California man bound over for negligent homicide charge in Jamestown

A preliminary hearing in a case where a drug sale allegedly resulted in an overdose death from Southeast District Court in Jamestown.

Jordan McKay

A Sacramento, California man has been bound over for trial on multiple drug charges and negligent homicide by Judge Troy LeFevre in Southeast District Court in Jamestown.

Jordan McKay, 20, remains in custody on $150,000 bond. He faces charges of delivery of a controlled substance, possession of controlled substance with intent to deliver, fentanyl, possession of marijuana with intent to deliver and possession of a controlled substance with intent to deliver, all Class B felonies.

He is also charged with negligent homicide, a Class C felony, and two lesser drug charges.

LeFevre found probable cause for the case to proceed on all charges after the testimony of John Hirchert, a deputy with the Stutsman County Sheriff's Office at a preliminary hearing Wednesday, April 21. Hirchert testified McKay had told officers he had delivered seven pills to a victim, identified during court proceedings as Mr. W, between 12:30 and 1 p.m. on Jan. 15. Hirchirt also testified Mr. W was found dead at about 4 p.m. the same day with four of the pills still remaining.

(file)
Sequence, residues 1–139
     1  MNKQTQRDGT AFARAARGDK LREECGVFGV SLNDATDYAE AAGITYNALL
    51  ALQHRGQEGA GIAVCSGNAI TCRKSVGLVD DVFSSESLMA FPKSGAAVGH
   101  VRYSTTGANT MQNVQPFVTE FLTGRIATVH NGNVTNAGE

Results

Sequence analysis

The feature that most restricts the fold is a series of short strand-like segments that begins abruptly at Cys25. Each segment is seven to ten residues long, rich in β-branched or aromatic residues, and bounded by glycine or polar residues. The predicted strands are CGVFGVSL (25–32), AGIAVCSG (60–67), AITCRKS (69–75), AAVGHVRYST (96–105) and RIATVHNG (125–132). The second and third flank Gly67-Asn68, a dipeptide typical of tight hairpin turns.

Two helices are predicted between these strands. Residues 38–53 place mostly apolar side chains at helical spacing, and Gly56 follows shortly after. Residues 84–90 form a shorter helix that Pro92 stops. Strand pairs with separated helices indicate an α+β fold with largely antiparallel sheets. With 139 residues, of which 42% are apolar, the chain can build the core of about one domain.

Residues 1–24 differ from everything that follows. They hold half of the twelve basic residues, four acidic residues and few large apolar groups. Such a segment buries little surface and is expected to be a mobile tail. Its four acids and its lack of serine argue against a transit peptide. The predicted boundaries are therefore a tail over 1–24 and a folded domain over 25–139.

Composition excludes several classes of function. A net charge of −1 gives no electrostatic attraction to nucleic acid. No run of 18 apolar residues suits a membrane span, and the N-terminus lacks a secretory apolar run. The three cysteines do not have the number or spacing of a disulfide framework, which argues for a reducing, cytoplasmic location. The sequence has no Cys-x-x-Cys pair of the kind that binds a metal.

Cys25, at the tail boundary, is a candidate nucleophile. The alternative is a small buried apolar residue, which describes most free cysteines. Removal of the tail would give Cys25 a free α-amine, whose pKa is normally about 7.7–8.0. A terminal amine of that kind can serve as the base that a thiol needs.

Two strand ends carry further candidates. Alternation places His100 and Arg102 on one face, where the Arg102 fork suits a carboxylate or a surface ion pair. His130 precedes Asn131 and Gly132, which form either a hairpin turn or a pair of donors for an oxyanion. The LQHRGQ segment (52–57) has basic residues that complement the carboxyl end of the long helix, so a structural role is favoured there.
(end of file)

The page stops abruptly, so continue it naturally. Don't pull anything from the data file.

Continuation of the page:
Hirchert also testified the pills in the possession of Mr. W and remaining pills held by McKay had tested positive for fentanyl and that fentanyl had been found in the victim's bloodstream by a preliminary toxicology report.


During closing arguments in the preliminary hearing, Philip Becher, defense attorney for McKay, argued that the victim's contributory negligence should be considered and the charge of negligent homicide dropped.

LeFevre ruled probable cause existed to proceed with all charges. McKay then entered not guilty pleas to all charges.

Tentative dates of June 1 have been set for the drug charges and June 29 for the negligent homicide charge.

Class B felony charges carry a penalty of up to 10 years in prison while a Class C felony is punishable by five years in prison.

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